On Sunday during announcement time I tallied up the number of prayer requests in our bulletin (28) and the number of them that concerned health problems (20). This week alone there were descriptions of surgery wounds that wouldn’t close, broken hips, infections, blockages, and back surgery.
In contrast, a few people asked for prayers for friends experiencing a death or divorce. One person prayed for work. One prayed for the caregiver of another person on the list.
So here are this week’s heretical questions: Why do we equate “prayer request” with “health problem”? Is this really how we should be spending 70% of our prayer time?
I’m not saying it’s wrong to pray for physical healing (I know, I know, God is the Great Physician), but what does it say about us when so many of our prayers are for the alleviation of pain and suffering and so few of them are for the character to endure it well?
Also, while I’m throwing in some extras, WHY THE INSANE LEVEL OF DETAIL IN THESE REQUESTS? To pray effectively for someone, do we really need to know how much fluid she’s retaining, or that he choked the first time on a bagel and cream cheese and the second time on chicken soup? Sometimes I forget whether I’m reading the prayer list or the hospital’s patient charts.
These lists can also just function as news updates. Although I’m sure some good souls actually take them home and pray over them during the week, I suspect most of us simply glance through them to see the latest on everyone’s maladies. Is this necessary?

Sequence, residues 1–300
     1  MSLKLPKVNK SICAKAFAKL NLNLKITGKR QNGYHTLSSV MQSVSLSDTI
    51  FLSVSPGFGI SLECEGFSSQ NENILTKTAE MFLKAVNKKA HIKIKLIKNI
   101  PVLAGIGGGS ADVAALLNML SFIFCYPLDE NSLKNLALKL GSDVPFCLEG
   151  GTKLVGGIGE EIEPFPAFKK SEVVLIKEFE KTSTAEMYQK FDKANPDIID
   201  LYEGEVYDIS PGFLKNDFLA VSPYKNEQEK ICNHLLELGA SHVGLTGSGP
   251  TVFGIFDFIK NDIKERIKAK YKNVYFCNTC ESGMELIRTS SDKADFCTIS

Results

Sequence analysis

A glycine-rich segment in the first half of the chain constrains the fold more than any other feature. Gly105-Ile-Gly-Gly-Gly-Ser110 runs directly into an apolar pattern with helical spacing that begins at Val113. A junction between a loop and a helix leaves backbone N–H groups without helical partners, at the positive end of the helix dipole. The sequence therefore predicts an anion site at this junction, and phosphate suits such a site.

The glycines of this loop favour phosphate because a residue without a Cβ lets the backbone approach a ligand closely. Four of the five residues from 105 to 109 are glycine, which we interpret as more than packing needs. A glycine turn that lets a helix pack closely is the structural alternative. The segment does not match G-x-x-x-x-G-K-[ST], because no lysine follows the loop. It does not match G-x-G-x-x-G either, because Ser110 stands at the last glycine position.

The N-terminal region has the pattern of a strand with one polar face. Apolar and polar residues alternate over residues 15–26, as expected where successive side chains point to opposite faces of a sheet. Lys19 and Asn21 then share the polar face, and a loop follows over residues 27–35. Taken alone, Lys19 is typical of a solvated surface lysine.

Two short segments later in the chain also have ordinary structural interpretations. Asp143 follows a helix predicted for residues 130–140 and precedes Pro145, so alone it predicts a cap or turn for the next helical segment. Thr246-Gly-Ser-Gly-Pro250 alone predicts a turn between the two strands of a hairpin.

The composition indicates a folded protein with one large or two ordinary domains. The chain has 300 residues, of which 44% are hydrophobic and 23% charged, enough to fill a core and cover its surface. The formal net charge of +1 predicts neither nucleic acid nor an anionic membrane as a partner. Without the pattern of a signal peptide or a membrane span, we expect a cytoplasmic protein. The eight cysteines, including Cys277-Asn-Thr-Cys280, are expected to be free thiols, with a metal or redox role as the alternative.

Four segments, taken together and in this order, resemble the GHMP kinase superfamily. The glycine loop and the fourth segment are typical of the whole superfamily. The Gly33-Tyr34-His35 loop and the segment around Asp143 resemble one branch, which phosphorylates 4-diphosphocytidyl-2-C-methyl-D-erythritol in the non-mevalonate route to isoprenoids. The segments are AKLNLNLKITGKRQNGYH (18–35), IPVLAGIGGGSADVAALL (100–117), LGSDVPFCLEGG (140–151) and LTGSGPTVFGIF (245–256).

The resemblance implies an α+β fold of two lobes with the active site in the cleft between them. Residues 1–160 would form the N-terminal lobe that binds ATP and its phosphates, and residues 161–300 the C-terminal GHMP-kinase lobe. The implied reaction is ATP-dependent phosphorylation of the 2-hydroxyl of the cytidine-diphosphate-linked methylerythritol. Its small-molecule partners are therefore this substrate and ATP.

And is it necessary given that the majority of most updates (17 of the 28 in this week’s list) are for friends of friends or extended family—people we’ve never met and likely never will? I know each of these people is dearly loved by someone or they wouldn’t be on the list, and I’m not saying we only pray for members. But we already spend so little time praying corporately at all, and so little of that time listening to God instead of asking him for things, and so little of that asking for things like mercy and faithfulness and patience and peace—is praying for the herniated disk of a member’s friend’s father the highest priority?
Speaking of praying for our own spiritual growth, when is the last time you prayed for someone going through physical therapy AND cleaned her house? Or prayed for someone with cancer AND took his kids to soccer? If we’re going to pray about it, shouldn’t we be prepared to be part of the answer?
Okay, this post is all questions (or a rant disguised as questions–take your pick). What are your thoughts on the answers?